This Company is Revolutionizing Aerospace

Composites are the most important materials to be adapted for aerospace since the use of aluminum in the 1920s. The use of these miracle materials is sweeping all sectors of aerospace.

Broadly defined, composite materials represent the combination of inherently dissimilar materials, usually involving carbon, to form a strengthened combination. The idea behind composites is as old Biblical times, when masons mixed straw with mud to form stronger bricks – except with today’s space age materials, the resulting composite yields truly remarkable results in weight reduction, strength and flexibility.

Worldwide aerospace composites manufacturing is a roughly $10 billion-a-year industry. InterFlight Global, an aerospace consulting firm based in Miami, says that the aerospace composite market is on track to reach $50 billion a year by 2018.

New composite aircraft, such as The Boeing Company’s (NYSE: BA) Dreamliner 787, are revolutionizing the aerospace industry. The 787 is a game-changing aircraft that exemplifies this watershed in the industry. Boeing has bet the ranch on this high-tech aircraft; the Dreamliner’s maiden flight, originally scheduled for August 2007, finally occurred last December, and the 787 has racked up a record amount of orders for any new plane in history.

Stamford, Conn.-based Hexcel Corp. (NYSE: HXL) is the largest U.S. producer of carbon fiber and by far the number one producer of aerospace composite materials. The $1.5 billion company is Boeing’s chief composite supplier, and is the surest investment play on the growing demand for composites in aerospace.

Composites offer significant performance benefits, including reduced overall weight, improved fuel burn and better resistance against corrosion and damage. Composites help reduce pollution through greater fuel economy, an important consideration in light of increasingly strict environmental regulations imposed on aviation. They also allow greater aircraft speed, opening up new long-range routes for passengers – and new competitive opportunities for hard-pressed airlines.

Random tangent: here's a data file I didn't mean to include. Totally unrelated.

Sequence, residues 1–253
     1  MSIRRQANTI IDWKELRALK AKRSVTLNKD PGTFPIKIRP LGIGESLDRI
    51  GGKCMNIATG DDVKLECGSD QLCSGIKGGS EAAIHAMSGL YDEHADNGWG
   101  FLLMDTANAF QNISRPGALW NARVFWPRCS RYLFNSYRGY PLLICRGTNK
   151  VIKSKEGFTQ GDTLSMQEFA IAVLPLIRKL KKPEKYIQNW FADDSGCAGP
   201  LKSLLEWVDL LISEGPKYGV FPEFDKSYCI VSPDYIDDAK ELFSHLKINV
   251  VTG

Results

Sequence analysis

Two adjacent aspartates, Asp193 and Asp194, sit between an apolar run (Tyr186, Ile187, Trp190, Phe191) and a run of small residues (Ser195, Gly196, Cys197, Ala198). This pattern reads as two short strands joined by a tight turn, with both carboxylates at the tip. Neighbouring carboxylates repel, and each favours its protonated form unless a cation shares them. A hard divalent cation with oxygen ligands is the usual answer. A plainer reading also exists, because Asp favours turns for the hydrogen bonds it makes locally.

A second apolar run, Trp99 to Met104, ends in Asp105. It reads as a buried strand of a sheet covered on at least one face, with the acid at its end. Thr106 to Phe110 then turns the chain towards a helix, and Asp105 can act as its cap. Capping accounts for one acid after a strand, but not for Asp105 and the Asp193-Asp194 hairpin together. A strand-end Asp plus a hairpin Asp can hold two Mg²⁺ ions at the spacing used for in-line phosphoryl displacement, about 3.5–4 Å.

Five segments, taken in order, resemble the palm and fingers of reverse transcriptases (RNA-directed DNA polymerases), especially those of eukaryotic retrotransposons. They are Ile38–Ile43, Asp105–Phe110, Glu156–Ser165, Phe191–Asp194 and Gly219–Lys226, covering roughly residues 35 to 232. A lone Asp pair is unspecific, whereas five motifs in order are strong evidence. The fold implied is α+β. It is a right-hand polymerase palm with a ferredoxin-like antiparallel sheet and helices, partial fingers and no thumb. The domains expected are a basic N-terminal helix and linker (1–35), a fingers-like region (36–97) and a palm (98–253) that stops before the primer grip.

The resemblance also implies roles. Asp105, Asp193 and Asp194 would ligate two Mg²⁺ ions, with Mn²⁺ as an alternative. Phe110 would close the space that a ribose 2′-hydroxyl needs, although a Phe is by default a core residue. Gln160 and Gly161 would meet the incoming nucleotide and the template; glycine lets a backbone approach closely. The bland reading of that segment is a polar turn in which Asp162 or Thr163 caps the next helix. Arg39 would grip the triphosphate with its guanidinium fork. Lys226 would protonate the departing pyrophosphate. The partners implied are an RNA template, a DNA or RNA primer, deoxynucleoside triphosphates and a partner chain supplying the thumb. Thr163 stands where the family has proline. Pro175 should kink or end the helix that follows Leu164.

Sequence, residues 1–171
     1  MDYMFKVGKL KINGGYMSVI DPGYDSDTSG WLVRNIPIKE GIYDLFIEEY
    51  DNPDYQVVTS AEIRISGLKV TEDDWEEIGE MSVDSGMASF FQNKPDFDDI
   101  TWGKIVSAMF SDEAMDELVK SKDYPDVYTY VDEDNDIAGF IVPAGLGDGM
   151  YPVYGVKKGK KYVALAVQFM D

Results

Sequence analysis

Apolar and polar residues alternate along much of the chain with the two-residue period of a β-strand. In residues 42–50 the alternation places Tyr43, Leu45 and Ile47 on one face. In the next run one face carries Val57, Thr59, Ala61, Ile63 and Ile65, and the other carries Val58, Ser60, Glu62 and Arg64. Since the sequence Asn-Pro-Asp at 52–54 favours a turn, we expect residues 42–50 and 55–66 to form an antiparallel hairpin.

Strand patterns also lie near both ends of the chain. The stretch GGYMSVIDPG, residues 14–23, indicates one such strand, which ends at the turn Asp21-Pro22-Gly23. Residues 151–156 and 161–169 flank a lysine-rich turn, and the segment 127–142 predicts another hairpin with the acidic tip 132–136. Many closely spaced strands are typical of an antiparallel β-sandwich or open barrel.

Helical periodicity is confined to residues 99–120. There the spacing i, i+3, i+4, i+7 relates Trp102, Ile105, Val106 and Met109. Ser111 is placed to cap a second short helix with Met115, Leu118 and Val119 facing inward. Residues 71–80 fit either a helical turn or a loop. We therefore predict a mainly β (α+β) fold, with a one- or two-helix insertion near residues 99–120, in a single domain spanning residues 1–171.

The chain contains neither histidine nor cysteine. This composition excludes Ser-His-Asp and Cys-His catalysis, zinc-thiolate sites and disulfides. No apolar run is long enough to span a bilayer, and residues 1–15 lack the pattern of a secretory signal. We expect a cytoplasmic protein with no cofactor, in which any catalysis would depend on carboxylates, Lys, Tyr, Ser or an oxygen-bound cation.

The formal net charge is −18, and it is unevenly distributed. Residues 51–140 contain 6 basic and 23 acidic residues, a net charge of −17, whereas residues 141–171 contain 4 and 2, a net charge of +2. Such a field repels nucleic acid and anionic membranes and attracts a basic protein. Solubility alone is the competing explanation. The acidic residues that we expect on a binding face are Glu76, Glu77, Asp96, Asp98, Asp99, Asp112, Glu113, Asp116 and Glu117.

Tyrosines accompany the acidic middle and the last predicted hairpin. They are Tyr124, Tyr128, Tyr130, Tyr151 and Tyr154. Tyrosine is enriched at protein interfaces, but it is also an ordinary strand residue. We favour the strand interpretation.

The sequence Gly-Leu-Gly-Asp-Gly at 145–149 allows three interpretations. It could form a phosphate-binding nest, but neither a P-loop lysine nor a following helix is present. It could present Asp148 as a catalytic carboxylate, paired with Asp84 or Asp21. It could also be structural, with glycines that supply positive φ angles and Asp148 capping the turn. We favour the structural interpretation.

That’s why aircraft manufacturing giant Boeing has embraced these futuristic materials for its commercial aircraft – and why its competitors, such as European-based Airbus, are being forced to follow suit.

And Hexcel continues to ride the composite boom. After Monday’s close, the company posted better-than-expected results for the first quarter. Excluding certain items, Hexcel said earnings in the most recent three-month period totaled $0.15 a share, down from $0.24 a year earlier, but better than the $0.11 per share that analysts expected.

When Hexcel’s results are put into the context of the severe worldwide slump that commercial aerospace experienced in 2009 and the beginning of 2010, the company more than held its own. Hexcel’s net sales during the first quarter fell -14% to $263.0 million, but commercial aerospace sales fell just -1.2%, to $152.0 million.

Airbus and Boeing related sales were up more than +10%, led by Boeing and its composite-intensive 787. Significantly, total sales to Boeing and Airbus were more than +15% above the average for the final three quarters of 2009. Revenues attributed to new composite-built aircraft from Boeing and Airbus represented more than 15% of the company’s commercial aerospace sales; demand from these two manufacturing giants will serve as a crucial driver of the company’s future growth.

Hexcel’s shares are at a 52-week high, but long-range fundamentals still make this a stock worth considering. Hexcel dominates the composite space like no other and is consequently the best positioned to ride the enormous shift in aerospace toward composites.